Hey, friends! It’s hot and humid in New Hampshire right now and our small garden is producing basil and green beans almost faster than we can eat them. So I did a google search for a dinner salad (because it’s too darn hot to cook) and here we are!
Green Bean and Tuna Salad with Basil Dressing is seriously delicious. YOU ARE GOING TO WANT TO MAKE IT. (yes, ALL CAPS because I’m excited about this one and don’t want you to miss out!) This recipe is straight from Epicurious.com (linked below) and is the perfect hot weather dish.
Put aside all your ideas about mushy canned tuna and mayo — because there’s none of that here. This is w-a-y better — please keep reading for more details on that.
But first, don’t be daunted by the list of ingredients — I’ll give you some tips on where to find the specialty tuna and everything else is easy to find and simple to prepare. You’re going to be blanching some green beans, blending up a delicious basil dressing and adding oil-packed tuna and capers.
Be sure to read my helpful tips below before making the recipe. They could save you some time and answer a few questions.
A Flavor-Packed, Nutrition-Filled Salad
There are lots of fresh greens and a good amount of protein and fiber in this recipe — which make it healthy and nutritious. But let’s talk about flavor. The light and tasty basil dressing really makes the dish — we both loved it! I think the dressing would be delicious on many different vegetables and salads, as well as in potato or egg salad.
Let’s Look at the Ingredients
- Sherry vinegar or red wine vinegar
- Green beans
- Basil leaves, fresh
- Olive oil, extra-virgin
- Fresh lemon juice
- Black pepper
- Little Gem lettuce or romaine hearts: The original recipe calls for a full head of lettuce — which seems like too much, given the dressing amount; I used romaine heart leaves and just eyeballed an amount that seemed to make sense. See my highlighted note below.
- Canned white beans
- Parsley leaves: The original recipe calls for one cup, but I cut it back to 1/2 cup.
- Oil-packed tuna in a jar: I had never heard of tuna in a jar. Turns out my regular grocery store doesn’t carry it, but I found Tonnino brand at Walmart. Some premium tunas do come in a can (Genova is one). In any case, you are looking for olive-oil packed, thick-cut tuna. It’ll cost more than the watery shredded stuff in a can — but guys, it is so worth it. This is excellent tuna!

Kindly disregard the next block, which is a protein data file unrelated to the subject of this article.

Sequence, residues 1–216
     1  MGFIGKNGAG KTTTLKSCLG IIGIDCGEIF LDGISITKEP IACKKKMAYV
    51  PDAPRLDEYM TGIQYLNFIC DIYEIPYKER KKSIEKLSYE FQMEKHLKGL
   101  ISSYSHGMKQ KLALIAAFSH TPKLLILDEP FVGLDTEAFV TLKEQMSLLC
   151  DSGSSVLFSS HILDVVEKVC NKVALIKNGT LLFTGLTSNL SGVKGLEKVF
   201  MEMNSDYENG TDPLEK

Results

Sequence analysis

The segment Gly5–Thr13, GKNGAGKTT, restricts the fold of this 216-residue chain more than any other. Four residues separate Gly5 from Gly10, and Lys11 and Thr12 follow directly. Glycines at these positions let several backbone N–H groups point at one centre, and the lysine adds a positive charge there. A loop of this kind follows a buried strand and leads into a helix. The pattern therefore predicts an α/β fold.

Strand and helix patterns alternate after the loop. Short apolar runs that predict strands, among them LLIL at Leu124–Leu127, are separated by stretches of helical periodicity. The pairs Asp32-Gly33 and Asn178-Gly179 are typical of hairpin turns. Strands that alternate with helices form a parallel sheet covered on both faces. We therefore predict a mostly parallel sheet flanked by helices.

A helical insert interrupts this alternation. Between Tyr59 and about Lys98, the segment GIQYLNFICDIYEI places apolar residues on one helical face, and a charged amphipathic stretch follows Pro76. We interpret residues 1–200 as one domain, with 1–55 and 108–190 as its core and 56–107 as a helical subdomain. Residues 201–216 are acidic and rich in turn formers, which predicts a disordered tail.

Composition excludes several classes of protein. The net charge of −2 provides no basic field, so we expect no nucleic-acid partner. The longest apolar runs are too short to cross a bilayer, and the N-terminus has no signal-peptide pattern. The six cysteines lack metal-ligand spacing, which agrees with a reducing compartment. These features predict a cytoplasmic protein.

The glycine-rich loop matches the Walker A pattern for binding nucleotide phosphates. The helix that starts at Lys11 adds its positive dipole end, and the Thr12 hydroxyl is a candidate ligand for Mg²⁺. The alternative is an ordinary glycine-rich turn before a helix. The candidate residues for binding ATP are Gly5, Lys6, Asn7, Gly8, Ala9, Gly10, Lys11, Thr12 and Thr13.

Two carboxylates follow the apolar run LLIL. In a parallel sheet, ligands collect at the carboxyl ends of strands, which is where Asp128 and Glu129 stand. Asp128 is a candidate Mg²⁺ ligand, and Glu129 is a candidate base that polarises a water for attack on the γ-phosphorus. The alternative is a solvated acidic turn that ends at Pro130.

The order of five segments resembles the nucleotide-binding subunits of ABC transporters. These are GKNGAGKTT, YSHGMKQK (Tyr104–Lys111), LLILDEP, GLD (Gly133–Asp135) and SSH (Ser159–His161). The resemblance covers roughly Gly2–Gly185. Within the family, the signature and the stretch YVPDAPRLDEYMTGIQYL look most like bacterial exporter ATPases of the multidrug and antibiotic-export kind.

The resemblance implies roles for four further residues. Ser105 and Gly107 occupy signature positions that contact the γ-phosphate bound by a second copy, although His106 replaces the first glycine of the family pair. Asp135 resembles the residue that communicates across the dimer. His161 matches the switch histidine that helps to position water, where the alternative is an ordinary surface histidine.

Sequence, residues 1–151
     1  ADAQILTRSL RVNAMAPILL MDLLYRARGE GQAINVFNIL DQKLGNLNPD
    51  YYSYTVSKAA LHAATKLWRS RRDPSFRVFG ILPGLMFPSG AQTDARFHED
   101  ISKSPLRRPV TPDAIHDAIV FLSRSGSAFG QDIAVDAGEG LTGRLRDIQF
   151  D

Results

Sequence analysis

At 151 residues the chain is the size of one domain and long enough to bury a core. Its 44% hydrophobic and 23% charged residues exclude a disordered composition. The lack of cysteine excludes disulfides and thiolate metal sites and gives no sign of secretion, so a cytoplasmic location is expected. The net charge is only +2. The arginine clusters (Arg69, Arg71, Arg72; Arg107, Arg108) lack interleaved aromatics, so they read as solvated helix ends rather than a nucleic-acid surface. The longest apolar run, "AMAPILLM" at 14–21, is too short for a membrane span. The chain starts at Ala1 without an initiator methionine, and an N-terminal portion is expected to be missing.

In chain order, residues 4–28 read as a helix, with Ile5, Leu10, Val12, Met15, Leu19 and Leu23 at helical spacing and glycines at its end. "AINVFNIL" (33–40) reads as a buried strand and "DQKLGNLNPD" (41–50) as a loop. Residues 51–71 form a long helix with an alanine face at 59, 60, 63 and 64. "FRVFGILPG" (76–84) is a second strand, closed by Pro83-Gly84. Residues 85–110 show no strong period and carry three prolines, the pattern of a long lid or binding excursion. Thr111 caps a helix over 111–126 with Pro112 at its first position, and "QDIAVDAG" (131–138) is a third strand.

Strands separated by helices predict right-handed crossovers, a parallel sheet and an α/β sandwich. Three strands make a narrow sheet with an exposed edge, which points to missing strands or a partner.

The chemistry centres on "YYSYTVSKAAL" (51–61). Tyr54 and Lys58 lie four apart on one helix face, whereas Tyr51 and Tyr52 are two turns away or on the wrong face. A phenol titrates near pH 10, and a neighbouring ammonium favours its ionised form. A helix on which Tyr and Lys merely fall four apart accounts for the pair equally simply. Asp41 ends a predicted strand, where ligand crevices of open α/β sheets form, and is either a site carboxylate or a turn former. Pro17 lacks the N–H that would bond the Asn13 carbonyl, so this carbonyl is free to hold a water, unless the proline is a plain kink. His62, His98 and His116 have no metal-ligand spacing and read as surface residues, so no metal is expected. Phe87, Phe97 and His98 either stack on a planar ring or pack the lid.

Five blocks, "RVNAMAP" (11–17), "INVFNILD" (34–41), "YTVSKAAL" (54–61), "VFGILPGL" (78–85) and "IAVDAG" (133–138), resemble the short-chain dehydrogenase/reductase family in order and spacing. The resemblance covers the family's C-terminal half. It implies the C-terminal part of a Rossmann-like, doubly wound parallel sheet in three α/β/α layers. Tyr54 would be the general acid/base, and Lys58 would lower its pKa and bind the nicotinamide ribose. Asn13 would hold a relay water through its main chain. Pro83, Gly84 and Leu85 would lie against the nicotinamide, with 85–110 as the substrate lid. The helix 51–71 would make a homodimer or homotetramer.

Note on the Lettuce: The recipe calls for 1 large or 2 small heads of Little Gem lettuce or romaine hearts. I opted to use about equal amounts of white beans, parsley and romaine heart leaves. Worked out perfectly for the amount of dressing.
Green Bean + Tuna Salad Prep Tips
I like to prep some of our dinner ahead whenever I can. Here are some tips in case you want to do that, too:
Earlier in the Day
- Make the Dressing: The original recipe calls for using a blender, but I found my food processor worked better. This might be because I cut the recipe in half (from 4 servings to 2) and didn’t quite have enough to work through the blender. Refrigerate the dressing and then bring it to room temperature again before using it in the recipe.
- Trim the Green Beans
- Drain and Rinse the White Beans
I’m guessing you could also cook and blanch the green beans ahead of time, but I didn’t do that this time. Proceed with the rest of the directions when you’re ready to serve the salad. Enjoy!
Ways to Enhance the Salad
We really liked the recipe as is. But you can bulk it up a bit by adding cooked fingerling or new potatoes — a suggestion made in some of the comments on epicurious. I think it would be good with the addition of a hard-boiled egg or two as well. Get creative and make it your own!
If you decide to try this Green Bean and Tuna Salad, be sure to come back and leave a comment or tag @Honest_and_Simple on Instagram. I’d love to hear what you think.
I am not a licensed nutritionist, medical professional or cosmetics expert. The information provided on Honest + Simple is for general informational purposes only. The statements on this website have not been evaluated by the Food + Drug Administration and are not intended to treat, prevent or cure any disease. Before making decisions about your health or other concerns, please consult a qualified professional and do not rely on this website for medical advice.